Fascism is a very specific political philosophy, one that fetishizes national and ethnic identity over all and backs that up with extreme militarism. Racism and genocide are inscribed at the very core of fascist ideology. It’s more than someone being over-enthusiastic about their cause, or punching someone whose politics they oppose, or just being an asshole. To be a fascist is a declaration that you believe some people are by their nature are less worthy not only of civil rights, but of life.
And that’s what we’re standing against.
I’m more than willing to debate the role of violence in political protest at large, and the “punch nazis” question in particular. But to call people who advocate punching Nazis and Klansmen fascists is to diminish the meaning of the word, and demean the suffering of people who suffered at the hands of actual fascists in Italy, Germany, Spain, and elsewhere. No matter what you think of it as a tactic (and once again, there’s much legitimate criticism that could be said here, but David has neither the wit nor the nuance to execute it), there’s a difference between assaulting someone for what they say and doing it for what they are.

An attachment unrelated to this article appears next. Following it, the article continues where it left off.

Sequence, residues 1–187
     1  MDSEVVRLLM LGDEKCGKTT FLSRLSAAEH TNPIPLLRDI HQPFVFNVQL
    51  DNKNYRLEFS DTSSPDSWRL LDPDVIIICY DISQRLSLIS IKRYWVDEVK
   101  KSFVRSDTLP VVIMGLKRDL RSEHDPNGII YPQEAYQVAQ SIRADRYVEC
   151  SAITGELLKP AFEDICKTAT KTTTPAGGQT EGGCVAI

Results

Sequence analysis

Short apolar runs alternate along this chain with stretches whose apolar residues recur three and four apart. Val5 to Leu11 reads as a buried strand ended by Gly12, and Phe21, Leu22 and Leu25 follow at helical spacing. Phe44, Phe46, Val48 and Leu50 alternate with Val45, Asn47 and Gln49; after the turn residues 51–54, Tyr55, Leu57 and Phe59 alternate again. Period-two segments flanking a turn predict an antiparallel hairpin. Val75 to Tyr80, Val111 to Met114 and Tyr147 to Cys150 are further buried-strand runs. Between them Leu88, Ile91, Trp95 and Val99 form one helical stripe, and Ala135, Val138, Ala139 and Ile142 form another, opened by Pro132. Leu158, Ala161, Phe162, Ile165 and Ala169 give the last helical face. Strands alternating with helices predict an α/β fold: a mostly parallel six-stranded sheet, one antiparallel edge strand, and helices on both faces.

David Smalley is a liar: He says that he wants words to mean things, and to respect the victims of oppression by not using them glibly or innacurately. That’s a standard that clearly doesn’t apply to him. When he says that’s what’s important to him, he is lying. What he wants is for social justice activists to shut up about racism, sexism, and queer rights. He wants to be able to sit down and treat these discussions as if they are mere intellectual debates with no consequences. He wants to act as though no one will bleed or die depending upon the result.
None of these are options. I’m sorry, but they’re not. I deeply wish that I could live in David Smalley’s world.
“Fascist” is the right word to use for the things that are happening under Trump. So are “misogynist,” “racist” and “white supremacist.” To not use those words is not only to deny reality, but to deny our responsibility for making it better. I mean not just Americans, but white Americans in particular. We are the ones responsible for Trump and the extremist right who put him there, whether through our actions or our silence. It is far past time to stop being afraid of using the right words to describe the reality that we live in.